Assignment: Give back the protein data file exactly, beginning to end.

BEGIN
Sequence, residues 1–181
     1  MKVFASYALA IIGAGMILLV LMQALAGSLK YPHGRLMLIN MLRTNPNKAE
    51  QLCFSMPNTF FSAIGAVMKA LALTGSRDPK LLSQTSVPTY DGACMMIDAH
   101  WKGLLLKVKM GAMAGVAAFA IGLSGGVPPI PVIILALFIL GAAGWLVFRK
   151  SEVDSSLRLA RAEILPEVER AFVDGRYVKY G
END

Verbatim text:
Sequence, residues 1–181
     1  MKVFASYALA IIGAGMILLV LMQALAGSLK YPHGRLMLIN MLRTNPNKAE
    51  QLCFSMPNTF FSAIGAVMKA LALTGSRDPK LLSQTSVPTY DGACMMIDAH
   101  WKGLLLKVKM GAMAGVAAFA IGLSGGVPPI PVIILALFIL GAAGWLVFRK
   151  SEVDSSLRLA RAEILPEVER AFVDGRYVKY G